I agree with the Fifth, Seventh and Eleventh Circuits and hold that New Rochelle may not bring suit under Section 1983. Congress intended Section 1983 to provide private citizens with a remedy against state action. It would run counter to that intent to allow a governmental subdivision to sue another governmental subdivision for damages under Section 1983.

Even though Plaintiff is unable to assert a claim for damages and attorneys fees under Section 1983, its Commerce Clause claim may be maintained as an action for injunctive and declaratory relief on the basis that the Local Law is an unconstitutional constraint on interstate commerce. See, e.g., In re Beer Institute, 849 F.2d 753 (2d Cir. 1988). It is for this reason that I do not dismiss Count IV. However, because New Rochelle has no standing to sue under Section 1983, it cannot recover attorney's fees in connection with that claim pursuant to Section 1988.


New Rochelle moves this Court to remand the claims arising under the New York State Constitution and the laws to the New York State Supreme Court. The motion is granted.

Defendants oppose Plaintiff's motion on the ground, inter alia, that general abstention doctrines do not apply to the instant case. Plaintiff, however, does not rely on any abstention doctrines to support its argument. Rather, Plaintiff argues that the Court should decline to exercise supplemental jurisdiction for two reasons: (1) pursuant to 28 U.S.C. § 1367(a), on the ground that the claims raise novel and complex issues of State law; and/or (2) pursuant to 28 U.S.C. § 1367(c)(2), on the grounds that the State law claims substantially predominate over the federal claims. In the alternative, Plaintiff argues that the Court does not have supplemental jurisdiction over the State law claims under 1367(a) because the State law claims are wholly unrelated to the federal claims.

A. Supplemental Jurisdiction to Hear the Claims

I address Plaintiff's last argument first, where it logically belongs, and hold that the case was properly removed to federal court. Four of Plaintiff's eight claims involved questions of federal constitutional or statutory law. The Court thus had original jurisdiction over the claims pursuant to 28 U.S.C. § 1331 and 1343. New Rochelle, which appended the federal claims to the complaint, nonetheless argues that the State law claims were improperly removed because they raise distinct legal issues that will require legal and factual analysis distinct from the federal constitutional claims.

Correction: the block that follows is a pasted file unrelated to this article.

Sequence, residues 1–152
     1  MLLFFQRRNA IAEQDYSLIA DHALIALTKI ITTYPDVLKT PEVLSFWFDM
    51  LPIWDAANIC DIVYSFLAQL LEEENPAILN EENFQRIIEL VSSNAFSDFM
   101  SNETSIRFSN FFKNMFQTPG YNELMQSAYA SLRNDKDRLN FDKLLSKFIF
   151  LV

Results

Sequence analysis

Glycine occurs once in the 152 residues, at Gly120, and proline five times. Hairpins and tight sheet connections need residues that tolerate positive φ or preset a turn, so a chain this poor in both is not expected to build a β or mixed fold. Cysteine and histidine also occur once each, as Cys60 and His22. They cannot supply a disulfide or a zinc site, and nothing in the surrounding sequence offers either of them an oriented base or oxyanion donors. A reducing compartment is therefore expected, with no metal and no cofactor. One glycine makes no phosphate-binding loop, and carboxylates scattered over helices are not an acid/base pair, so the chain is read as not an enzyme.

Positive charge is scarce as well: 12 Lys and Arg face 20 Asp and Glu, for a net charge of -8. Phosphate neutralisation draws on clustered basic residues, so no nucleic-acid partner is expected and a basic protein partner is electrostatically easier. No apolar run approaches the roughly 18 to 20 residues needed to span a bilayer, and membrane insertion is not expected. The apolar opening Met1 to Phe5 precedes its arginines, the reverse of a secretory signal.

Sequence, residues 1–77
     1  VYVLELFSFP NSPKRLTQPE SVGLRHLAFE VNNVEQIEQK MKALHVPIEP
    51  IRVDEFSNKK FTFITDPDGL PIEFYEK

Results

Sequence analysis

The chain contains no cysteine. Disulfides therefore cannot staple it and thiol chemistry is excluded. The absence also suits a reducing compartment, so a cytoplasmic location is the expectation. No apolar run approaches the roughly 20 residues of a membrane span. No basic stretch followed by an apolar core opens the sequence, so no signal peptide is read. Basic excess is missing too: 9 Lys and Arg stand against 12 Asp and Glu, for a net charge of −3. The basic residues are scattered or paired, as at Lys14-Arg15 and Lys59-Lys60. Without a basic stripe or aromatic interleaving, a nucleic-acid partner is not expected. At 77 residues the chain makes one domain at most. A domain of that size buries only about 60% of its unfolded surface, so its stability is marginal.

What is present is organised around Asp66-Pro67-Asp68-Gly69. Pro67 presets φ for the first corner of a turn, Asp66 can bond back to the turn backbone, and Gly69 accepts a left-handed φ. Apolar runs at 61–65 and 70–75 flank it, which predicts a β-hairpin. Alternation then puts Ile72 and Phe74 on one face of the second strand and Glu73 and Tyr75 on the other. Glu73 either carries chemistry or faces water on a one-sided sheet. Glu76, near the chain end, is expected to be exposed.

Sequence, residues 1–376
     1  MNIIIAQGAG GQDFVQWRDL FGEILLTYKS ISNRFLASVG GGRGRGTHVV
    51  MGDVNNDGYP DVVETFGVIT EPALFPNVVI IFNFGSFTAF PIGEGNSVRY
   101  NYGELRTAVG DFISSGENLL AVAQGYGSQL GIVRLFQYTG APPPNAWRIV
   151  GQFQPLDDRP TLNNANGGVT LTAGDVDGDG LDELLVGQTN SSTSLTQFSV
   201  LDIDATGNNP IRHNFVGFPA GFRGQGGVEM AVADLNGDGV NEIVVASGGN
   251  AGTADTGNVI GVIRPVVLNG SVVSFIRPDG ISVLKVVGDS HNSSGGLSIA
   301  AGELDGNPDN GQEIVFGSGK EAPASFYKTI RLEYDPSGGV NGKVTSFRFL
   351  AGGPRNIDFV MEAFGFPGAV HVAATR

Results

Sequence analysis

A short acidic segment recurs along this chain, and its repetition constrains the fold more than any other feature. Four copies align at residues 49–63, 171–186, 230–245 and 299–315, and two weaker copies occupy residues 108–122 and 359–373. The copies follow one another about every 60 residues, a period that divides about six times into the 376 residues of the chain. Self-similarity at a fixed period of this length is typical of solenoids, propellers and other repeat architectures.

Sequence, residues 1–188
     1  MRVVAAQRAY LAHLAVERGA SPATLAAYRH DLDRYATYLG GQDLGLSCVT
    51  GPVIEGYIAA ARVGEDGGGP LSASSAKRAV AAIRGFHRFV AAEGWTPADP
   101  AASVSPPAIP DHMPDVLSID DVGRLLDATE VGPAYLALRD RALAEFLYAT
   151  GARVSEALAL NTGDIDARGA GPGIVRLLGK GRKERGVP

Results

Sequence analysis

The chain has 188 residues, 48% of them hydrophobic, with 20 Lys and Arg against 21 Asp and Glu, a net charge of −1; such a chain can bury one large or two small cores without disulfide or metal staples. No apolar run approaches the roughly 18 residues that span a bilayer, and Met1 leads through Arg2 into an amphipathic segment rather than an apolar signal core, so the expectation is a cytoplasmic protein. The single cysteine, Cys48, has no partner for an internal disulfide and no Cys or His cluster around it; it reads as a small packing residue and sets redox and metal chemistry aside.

It is well established that in order for this Court to exercise supplemental jurisdiction over the State law claims, the claims must be "so related to claims in the action within such original jurisdiction that they form part of the same case or controversy under Article III of the United States Constitution." 28 U.S.C. § 1367(a). Thus, federal courts have supplemental jurisdiction to hear claims arising under state law when:

(1) there is a claim arising under the constitution or federal laws; (2) the relationship between the federal claim and the state claim permits the conclusion that the entire action comprises but one constitutional case; (3) the federal claim has substance sufficient to confer subject matter jurisdiction on the court; and (4) the state and federal claims derive from a common nucleus of operative fact.

Miller v. Lovett, 879 F.2d 1066, 1071 (2d Cir. 1989) (citing United Mine Workers v. Gibbs, 383 U.S. 715, 86 S.Ct. 1130, 16 L.Ed.2d 218 (1966)).

There is no dispute that Plaintiff has raised federal claims sufficient to confer federal subject matter jurisdiction.*fn11 The only issue is whether the additional prerequisites for supplemental jurisdiction have been met. I find they have.

Plaintiff is correct that its state law challenge to the Local Law on grounds of SEQRA preemption and violation of the Municipal Home Rule Law are legally distinct from the remaining federal claim. The Commerce Clause claim will require proof of the Local Law's impediment to the free flow of interstate commerce, and the state law challenges will require analysis of the comprehensiveness of the SEQRA scheme. However, the federal and state claims arise from the "common nucleus of operative fact." The enactment of the Law and the Mamaroneck Town Board's actions taken in conjunction with that enactment represent the common nucleus of operative fact. I therefore agree with Defendants that this Court's jurisdiction over the state law claims would be proper under either Section 1367 as to supplemental jurisdiction, or under Section 1441 applicable to removal jurisdiction.

Determining that the removal is proper and that supplemental jurisdiction is proper, however, is not the end of my inquiry. As the Supreme Court has noted, the doctrine of supplemental jurisdiction "is a doctrine of discretion, not of plaintiff's right." Carnegie-Mellon Univ. v. Cohill, 484 U.S. 343, 108 S.Ct. 614, 98 L.Ed.2d 720 (1988) (citing Gibbs, 383 U.S. at 726, 86 S.Ct. 1130). I turn now to the grounds under which this Court has discretion to decline to exercise supplemental jurisdiction and remand the state law claims.

B. Grounds for Declining Supplemental Jurisdiction

Plaintiff argues that this case raises unprecedented issues that go to the heart of local government autonomy, land use and environmental law and policy in New York State. The crux of Plaintiff's state law claim is that Mamaroneck's attempt to regulate development outside its own borders exceeds the authority granted to municipalities in the New York State Constitution and the Municipal Home Rule Law. Further, Plaintiff alleges that the Local Law violates SEQRA, which is a statewide environmental regulation preempting any municipal ordinances. Plaintiff argues that each of the state law claims raises unique and critical questions of New York law and that this Court should decline to exercise jurisdiction over them in the interests of comity and federalism. I agree.